FP4 hints - May 2008

If you spot any mistakes, please let me know, so that I can correct this page.

Question 1

We discussed in class

Question 2

We discussed in class

Question 3

We discussed in class

Question 4

We discussed in class

Question 5

We discussed in class

Question 6

This question is best tackled by the simplex method. Write a simplex table that has a vertical line instead of the column of = signs; 6, 3 & 4 on the right of the line; and the coefficients of x, y and z in three rows on the left of the line (remembering to substitute for a)

Take or add an appropriate multiple of the top row from / to rows 2 and 3 in such a way as to give you zeros in the x column for rows 2 and 3 (you don't alter the top row in this operation - you just use it to modify rows 2 and 3. Don't forget to include the values to the right of the line!).

Now take or add an appropriate multiple of row 2 from / to row 3 in such a way as to give you a zero in the y column for row 3. You should now have two zeros in row 3, enabling you to calculate z. Substituting this into row 2 gives you y, and substituting for y and z into the top row will yield x.

In (b)(i) if there is no single solution, then the determinant of the matrix of co-efficients is zero. I hope that's enough of a clue.

For part (b)(ii), write out the Simplex tableau again, but with b at the top of the values column and your value you obtained for a in (b)(i) as the bottom-right z coefficient. Work through the first iteration to produce zeros in the lower two x spaces - naturally this will result in functions of b all the way down the values column. If you haven't made any mistakes, you will find that you now have a problem, in that the simplex process needed to give a zero in the bottom y slot wil simultaneously give you a zero in the bottom z slot, thereby preventing you from proceeding to a full solution.

So, instead, find an appropriate multiplier to apply to one of the bottom two rows to make their left-hand sides look the same. There are now two cases to consider:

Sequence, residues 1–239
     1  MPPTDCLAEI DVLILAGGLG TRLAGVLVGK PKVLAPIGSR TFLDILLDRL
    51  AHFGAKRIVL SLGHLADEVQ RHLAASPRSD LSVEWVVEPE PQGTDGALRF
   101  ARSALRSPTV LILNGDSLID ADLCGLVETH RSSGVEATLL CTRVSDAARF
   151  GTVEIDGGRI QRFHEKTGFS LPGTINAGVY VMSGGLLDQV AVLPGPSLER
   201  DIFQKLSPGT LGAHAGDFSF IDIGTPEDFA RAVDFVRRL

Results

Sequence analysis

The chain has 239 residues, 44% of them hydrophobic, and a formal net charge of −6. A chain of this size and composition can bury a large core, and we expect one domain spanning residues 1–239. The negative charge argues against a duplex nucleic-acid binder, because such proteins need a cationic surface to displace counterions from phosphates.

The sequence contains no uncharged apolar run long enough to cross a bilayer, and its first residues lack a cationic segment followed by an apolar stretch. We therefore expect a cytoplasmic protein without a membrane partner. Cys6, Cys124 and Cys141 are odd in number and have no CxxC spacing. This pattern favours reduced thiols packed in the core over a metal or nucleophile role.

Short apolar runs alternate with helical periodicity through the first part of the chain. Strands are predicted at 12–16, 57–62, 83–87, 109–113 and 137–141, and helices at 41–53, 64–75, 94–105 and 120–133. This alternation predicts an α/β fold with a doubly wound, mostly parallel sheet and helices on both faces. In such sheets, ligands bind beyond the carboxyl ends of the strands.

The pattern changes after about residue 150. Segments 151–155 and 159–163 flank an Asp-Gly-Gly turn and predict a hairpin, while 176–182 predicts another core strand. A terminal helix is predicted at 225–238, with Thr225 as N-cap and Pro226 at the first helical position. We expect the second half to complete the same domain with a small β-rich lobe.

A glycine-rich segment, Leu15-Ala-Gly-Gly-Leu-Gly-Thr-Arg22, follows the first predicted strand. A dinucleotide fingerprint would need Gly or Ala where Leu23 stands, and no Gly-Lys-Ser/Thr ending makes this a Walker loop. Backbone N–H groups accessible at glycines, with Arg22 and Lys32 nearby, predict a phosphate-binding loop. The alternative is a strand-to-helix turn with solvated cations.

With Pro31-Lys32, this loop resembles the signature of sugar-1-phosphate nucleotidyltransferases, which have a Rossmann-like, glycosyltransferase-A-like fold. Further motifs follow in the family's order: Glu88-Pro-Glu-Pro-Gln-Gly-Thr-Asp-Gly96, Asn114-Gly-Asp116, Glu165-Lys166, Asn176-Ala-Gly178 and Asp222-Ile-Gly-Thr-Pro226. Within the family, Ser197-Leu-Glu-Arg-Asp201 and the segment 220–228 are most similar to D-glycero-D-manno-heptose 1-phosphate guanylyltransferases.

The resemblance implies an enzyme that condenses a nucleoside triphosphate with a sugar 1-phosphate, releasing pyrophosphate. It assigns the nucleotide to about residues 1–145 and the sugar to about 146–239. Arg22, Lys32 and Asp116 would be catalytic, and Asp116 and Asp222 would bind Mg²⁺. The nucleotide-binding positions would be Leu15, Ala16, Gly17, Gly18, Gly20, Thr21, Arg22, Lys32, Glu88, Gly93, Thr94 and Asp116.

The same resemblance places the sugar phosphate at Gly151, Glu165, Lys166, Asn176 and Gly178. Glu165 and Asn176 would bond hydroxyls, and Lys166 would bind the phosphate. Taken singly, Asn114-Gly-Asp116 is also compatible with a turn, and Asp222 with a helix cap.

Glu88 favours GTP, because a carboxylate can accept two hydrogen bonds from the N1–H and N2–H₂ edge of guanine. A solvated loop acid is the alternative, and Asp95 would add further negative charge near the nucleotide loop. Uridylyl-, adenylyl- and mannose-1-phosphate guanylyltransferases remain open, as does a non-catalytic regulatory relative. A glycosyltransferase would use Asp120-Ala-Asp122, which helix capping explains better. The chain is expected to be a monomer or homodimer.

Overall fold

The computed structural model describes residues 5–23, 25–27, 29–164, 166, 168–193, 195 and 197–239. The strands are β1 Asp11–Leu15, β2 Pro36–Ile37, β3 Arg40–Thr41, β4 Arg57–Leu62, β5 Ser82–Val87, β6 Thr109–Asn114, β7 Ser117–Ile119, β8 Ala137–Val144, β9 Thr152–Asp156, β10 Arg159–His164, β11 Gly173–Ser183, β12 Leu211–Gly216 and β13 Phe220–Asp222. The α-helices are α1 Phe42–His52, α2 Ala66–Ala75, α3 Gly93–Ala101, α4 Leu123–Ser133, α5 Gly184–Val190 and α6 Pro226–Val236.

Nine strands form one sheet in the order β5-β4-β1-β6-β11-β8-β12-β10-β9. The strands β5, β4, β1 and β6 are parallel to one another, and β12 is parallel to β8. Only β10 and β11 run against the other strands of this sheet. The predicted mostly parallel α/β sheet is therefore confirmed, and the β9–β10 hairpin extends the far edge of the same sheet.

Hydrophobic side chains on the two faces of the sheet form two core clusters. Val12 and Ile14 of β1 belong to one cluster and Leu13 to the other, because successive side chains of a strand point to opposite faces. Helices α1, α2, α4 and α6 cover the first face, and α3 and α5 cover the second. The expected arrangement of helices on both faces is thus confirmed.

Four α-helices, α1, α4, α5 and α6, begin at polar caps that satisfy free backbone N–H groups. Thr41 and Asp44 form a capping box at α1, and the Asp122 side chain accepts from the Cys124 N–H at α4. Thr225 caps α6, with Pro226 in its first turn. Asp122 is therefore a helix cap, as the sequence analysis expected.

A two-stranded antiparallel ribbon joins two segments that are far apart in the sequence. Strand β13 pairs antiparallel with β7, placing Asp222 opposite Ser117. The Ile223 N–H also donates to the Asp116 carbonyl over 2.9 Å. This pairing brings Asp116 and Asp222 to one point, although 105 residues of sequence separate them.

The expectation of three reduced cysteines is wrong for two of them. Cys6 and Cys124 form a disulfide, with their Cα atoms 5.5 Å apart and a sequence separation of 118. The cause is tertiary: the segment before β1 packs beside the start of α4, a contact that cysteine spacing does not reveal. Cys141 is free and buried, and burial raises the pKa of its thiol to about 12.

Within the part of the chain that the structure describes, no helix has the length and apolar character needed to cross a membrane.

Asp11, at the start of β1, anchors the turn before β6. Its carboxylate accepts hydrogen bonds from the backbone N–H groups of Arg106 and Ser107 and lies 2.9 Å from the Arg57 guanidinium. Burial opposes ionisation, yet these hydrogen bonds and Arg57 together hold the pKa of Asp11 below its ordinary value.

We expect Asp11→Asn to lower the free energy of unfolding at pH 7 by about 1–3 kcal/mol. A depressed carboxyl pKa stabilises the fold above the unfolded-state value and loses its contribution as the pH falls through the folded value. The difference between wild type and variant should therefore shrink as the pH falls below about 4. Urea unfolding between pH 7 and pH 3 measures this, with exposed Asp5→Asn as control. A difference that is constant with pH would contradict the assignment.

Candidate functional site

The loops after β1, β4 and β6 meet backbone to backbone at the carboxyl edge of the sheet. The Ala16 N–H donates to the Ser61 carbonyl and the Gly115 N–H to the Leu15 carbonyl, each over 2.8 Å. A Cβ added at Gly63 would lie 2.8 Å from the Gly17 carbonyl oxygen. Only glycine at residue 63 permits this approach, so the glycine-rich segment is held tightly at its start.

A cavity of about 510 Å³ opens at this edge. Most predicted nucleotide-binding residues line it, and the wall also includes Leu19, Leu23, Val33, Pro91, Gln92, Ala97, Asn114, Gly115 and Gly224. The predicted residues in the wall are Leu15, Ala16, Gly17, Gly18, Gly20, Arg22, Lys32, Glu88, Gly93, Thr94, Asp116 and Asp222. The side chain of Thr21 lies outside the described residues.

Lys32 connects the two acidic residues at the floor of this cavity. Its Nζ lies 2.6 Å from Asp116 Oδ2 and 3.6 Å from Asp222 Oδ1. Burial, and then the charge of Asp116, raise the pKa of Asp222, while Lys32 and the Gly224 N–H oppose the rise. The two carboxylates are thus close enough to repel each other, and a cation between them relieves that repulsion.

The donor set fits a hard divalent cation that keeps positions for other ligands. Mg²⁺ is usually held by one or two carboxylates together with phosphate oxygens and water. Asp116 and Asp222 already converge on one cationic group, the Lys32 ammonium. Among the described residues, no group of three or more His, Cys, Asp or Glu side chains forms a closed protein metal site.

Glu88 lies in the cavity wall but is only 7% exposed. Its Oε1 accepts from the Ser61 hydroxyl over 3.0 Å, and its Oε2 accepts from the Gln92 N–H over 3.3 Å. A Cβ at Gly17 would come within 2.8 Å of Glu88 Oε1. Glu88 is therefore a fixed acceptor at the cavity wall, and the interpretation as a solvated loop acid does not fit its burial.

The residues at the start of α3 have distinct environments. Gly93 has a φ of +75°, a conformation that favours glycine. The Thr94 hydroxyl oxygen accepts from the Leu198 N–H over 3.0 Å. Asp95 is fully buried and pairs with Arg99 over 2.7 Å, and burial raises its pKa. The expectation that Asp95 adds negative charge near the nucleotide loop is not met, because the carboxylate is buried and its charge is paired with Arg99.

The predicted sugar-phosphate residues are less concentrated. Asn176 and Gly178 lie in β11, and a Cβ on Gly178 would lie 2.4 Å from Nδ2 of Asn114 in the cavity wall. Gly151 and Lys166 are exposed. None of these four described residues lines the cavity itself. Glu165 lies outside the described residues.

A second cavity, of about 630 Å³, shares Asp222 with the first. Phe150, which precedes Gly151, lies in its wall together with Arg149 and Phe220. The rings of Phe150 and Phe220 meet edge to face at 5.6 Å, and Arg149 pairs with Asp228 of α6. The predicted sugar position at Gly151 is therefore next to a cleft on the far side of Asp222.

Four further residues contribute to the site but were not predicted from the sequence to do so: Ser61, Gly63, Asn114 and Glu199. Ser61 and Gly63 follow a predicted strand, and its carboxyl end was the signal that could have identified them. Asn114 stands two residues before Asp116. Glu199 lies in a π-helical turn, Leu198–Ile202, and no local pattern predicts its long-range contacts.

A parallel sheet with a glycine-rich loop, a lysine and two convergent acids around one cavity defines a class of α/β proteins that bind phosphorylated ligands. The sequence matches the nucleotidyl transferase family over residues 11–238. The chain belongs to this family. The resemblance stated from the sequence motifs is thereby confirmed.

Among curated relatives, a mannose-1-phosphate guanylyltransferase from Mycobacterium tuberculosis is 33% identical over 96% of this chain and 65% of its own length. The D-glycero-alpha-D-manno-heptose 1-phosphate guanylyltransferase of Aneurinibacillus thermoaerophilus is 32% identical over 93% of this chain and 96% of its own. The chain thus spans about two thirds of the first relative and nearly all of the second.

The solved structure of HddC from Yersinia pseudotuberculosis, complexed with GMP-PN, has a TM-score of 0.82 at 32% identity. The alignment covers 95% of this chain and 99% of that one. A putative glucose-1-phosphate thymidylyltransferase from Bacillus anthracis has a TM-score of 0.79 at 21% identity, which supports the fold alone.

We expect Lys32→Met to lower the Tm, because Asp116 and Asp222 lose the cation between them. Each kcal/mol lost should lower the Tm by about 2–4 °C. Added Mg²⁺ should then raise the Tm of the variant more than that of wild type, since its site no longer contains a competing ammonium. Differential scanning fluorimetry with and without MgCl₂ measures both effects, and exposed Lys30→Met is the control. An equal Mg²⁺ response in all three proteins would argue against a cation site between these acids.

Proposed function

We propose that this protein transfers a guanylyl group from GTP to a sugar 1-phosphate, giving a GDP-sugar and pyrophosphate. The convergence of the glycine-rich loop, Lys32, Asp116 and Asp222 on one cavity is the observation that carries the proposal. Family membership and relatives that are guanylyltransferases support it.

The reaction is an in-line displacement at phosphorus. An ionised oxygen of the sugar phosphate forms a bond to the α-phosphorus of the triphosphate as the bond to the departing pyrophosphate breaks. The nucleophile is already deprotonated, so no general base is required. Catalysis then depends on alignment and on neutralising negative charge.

• If the values to the right of the vertical line are different, the original equations are inconsistent and there are no common points between the planes.
  • If the values to the right of the vertical line are the same, then there is an infinity of solutions, and the three planes meet in a single line.
The question asks you for the second of these two cases, so you have to engineer things so that the two values in the column to the right of the vertical line are the same; and that means finding the value of b which achieves this.

Question 7

We started this in class, and dealt with (a)(i). For (a)(ii), write the matrix as a determinant (i.e. straight lines down the sides), and writing -λ after each of the leading diagonal entries. Write out an expression for the determinant, and set it equal to zero. You will end up with a cubic equation that has to be factorised. Any one of the three factors could be zero, and that gives you the three eigenvalues.

For (b)(i), write r as the column vector (x, y, z) [sorry that I'm writing it in row form!] and then evaluate its dot product with (1, -1, 1) to obtain an expression to set equal to zero.

For part (b)(ii), multiply the original matrix W by (a, b, c), which will give a you a new column vector in which all three elements might include a, b and c terms. This column vector, of course, is a trio of values for x, y and z; so take the dot product with (1, -1, 1), and if it comes to 0, then the new column vector lies in the plane. [Notice that this is to be expected from (a), where we found that the transformation collapses 3-D space onto a plane.]

Question 8

This is the kind of question where you combine columns (or rows) together to produce new columns (or rows) with which you replace one of the columns (or rows) you used in the combining operation. For example, you could add the first two rows together to produce the new row (x+z, y+x, z+y) which you could write instead of the existing top row. As soon as you achieve a situation in which the elements of a given row (or column) have a common factor, you can take that factor out as a factor of the determinant.

Before you start, you need to work out the value of the determinant the hard way, and you should find that the answer corresponds to something in the question.